There is a very old, and very wise, bit of writing wisdom. “Write what you know…” This can be taken too simplistically, and too seriously, but at its core, it’s truth. The reason most of the characters you will encounter in books, on TV, and in movies do not stick with you is very often they are paper thin. You also must write who you know. Crazy computer hackers always have stacks of monitors, racks of servers, dark rooms with flashing lights and these days at least one screen scrolling symbols like the screen saver that came out after The Matrix. When I see or read all of that, I shake my head.
I’ve worked most of my adult life in computers, computer security, and networks. I have met a lot of hackers and computer gurus. They are more likely to have a single notebook, maybe a server at home with more power… something they can close the lid on and run. Sure, they have gadgets and gimmicks, but what the big banks of monitors and dark rooms tell me is… the creator needed a computer expert, or an evil hacker, and they wrote what they’ve seen others write, rather than trying to dig deeper and find out the truth.
It’s how we ended up with so many Hannibal Lector, high-intellect serial killers, bumbling FBI agents, forensics labs with the time to concentrate a dozen people around the clock on a single case and many other endless clichés. They write well, people “get” what you’re doing and saying… but if you remember those characters it will be for something else they did… not for the characterization, or the dark screen-filled room.
So, how does that relate to writing what you know? You have a perspective. You have your own skills, knowledge, and you have your ability to research. If you write about a plumber, you are going to write about a plumber in the context of your experience with plumbers. You can widen your perspective by reading, actually talking to plumbers about what it is you need to happen, how it would play out in the real world. Even then, it’s wise to limit yourself to writing about your character, and embellishing that character with as much reality as you can without going too far and writing or having your character say something that will push buttons on readers who know more about plumbing than you do. It’s tricky business.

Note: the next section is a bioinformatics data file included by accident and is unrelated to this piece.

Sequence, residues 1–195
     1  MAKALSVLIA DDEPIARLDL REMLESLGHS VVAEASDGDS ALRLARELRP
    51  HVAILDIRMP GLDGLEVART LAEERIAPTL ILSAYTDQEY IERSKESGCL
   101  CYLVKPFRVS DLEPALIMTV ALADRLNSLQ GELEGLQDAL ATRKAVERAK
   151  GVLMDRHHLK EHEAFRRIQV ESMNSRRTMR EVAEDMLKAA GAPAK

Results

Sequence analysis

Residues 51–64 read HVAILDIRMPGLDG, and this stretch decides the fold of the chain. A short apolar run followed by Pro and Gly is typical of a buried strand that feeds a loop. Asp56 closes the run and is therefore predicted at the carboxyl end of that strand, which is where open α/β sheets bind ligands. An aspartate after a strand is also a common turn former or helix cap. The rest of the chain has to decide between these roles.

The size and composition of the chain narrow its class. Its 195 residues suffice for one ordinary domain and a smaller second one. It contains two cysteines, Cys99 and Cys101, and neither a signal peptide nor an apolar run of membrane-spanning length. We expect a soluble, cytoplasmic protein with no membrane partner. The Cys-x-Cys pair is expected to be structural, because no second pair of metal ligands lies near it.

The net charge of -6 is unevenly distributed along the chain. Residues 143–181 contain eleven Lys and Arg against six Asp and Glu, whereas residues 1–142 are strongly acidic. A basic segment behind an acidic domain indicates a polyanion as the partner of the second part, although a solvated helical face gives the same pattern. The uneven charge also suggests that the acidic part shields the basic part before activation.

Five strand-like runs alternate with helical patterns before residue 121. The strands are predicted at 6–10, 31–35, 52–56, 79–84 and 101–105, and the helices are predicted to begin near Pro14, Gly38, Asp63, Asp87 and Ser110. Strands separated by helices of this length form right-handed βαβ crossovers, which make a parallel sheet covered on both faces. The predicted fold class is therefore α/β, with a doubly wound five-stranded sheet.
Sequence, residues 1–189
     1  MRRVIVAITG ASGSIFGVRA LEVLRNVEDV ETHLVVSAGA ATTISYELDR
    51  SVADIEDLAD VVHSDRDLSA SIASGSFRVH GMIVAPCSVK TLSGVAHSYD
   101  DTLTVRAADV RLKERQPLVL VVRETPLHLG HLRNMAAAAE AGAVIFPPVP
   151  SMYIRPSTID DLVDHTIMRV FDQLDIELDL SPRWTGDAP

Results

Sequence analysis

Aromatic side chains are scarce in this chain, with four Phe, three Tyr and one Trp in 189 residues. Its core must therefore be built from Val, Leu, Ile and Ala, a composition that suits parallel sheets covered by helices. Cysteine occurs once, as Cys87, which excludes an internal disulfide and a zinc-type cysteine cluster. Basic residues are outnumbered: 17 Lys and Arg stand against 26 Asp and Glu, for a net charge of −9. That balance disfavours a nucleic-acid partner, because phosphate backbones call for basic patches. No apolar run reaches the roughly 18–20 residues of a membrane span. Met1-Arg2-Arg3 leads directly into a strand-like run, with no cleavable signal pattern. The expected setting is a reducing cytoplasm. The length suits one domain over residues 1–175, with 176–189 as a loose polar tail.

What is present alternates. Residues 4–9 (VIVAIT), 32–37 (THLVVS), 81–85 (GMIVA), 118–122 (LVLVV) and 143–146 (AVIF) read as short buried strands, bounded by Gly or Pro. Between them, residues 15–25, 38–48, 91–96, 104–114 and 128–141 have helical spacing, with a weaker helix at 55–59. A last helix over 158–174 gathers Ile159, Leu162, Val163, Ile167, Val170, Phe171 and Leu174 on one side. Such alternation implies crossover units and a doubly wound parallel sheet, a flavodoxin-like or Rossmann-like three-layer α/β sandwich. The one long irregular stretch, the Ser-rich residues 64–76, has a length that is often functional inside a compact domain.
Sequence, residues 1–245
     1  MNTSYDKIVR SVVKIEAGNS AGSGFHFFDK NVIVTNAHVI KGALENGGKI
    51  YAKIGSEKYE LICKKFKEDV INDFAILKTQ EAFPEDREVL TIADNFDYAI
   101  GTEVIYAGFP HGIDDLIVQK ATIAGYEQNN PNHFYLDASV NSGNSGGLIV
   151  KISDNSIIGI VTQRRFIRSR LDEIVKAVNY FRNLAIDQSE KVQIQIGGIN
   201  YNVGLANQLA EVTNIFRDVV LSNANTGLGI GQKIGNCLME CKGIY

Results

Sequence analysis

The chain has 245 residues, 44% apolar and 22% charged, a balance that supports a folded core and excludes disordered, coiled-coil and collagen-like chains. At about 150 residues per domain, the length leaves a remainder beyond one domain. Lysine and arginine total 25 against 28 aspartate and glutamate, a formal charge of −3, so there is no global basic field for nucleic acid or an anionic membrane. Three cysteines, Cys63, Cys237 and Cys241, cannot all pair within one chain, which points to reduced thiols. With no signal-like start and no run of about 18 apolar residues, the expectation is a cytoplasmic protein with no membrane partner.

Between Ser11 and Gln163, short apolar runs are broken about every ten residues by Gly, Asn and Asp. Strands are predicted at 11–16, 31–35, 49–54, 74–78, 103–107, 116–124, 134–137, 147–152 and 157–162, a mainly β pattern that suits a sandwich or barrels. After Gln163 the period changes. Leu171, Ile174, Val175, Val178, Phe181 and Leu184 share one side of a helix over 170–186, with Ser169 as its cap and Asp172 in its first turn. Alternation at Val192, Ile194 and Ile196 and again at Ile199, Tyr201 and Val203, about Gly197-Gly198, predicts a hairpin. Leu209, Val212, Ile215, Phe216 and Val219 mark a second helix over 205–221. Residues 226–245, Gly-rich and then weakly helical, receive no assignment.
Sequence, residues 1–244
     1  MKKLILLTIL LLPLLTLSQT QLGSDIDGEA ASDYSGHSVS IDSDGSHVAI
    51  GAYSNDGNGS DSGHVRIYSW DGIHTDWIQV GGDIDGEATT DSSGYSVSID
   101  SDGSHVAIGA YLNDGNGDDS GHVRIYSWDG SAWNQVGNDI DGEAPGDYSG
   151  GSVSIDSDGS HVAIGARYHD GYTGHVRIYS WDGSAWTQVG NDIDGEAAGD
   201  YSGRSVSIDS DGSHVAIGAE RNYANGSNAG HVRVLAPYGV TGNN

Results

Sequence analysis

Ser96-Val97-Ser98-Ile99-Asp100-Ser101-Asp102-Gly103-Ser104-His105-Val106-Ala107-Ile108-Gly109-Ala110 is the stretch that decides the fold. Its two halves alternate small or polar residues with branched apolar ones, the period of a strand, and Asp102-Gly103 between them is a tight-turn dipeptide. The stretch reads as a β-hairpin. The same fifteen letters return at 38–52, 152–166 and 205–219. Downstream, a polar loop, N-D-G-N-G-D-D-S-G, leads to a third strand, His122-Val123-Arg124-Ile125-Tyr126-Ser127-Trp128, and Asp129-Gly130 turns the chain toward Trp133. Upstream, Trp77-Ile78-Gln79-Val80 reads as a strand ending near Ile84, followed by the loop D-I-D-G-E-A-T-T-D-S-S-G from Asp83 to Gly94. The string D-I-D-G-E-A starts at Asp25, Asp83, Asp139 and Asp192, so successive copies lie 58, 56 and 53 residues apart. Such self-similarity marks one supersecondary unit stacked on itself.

I recently read a pretty good mystery by an award-winning, Internationally bestselling author. It had a lot in it about falcons, and raptors. Repeatedly, he referred to them (and had his character who was purportedly an expert) refer to them as “raptor birds,” instead of simply raptors. I love raptors. I’m not an expert on them, but it was enough of a faux pas to really grate on my nerves, and if it affected me that way – I have to believe that people who know about falconry and birds of prey would be squirming – and they would have to be at least a peripheral market for the book.
It’s even trickier when you start writing about specific characters – say – a theoretical physicist. You are safest writing such a character as a person, and avoiding attempts to cleverly let people into their theoretical thoughts, or going too far in describing things. Most people know about Schrödinger’s Cat, and a few bits and pieces about chaos theory and string theory from The Big Bang Theory and Jurassic Park… but that is the paper-thin character I mentioned above. If you are not capable of thinking like a theoretical physicist, you should write the parts of that character that you can understand, their life, loves, tics and prejudices, but not try to pass yourself off as an expert in their field.
What you know is how you see people, how you see men and women you’ve met and interacted with, the things about certain types of characters that you would expect to encounter in a real-life scenario. Characters who matter to you will matter to your readers… characters who remind them of every other character of a “type” they have ever encountered, will not.
In keeping with the theme of this book I’m writing, don’t forget that you don’t like everyone, and some people you like to obsession, or love, or crave or loathe. If you are afraid to reach that level with the characters, you may write a darn good yarn, but a year after reading the book, no one will remember them.